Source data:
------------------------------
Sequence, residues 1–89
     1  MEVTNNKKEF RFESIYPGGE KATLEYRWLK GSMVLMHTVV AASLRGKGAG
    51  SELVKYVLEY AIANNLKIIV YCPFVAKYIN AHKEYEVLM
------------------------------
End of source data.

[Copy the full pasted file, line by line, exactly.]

Sequence, residues 1–89
     1  MEVTNNKKEF RFESIYPGGE KATLEYRWLK GSMVLMHTVV AASLRGKGAG
    51  SELVKYVLEY AIANNLKIIV YCPFVAKYIN AHKEYEVLM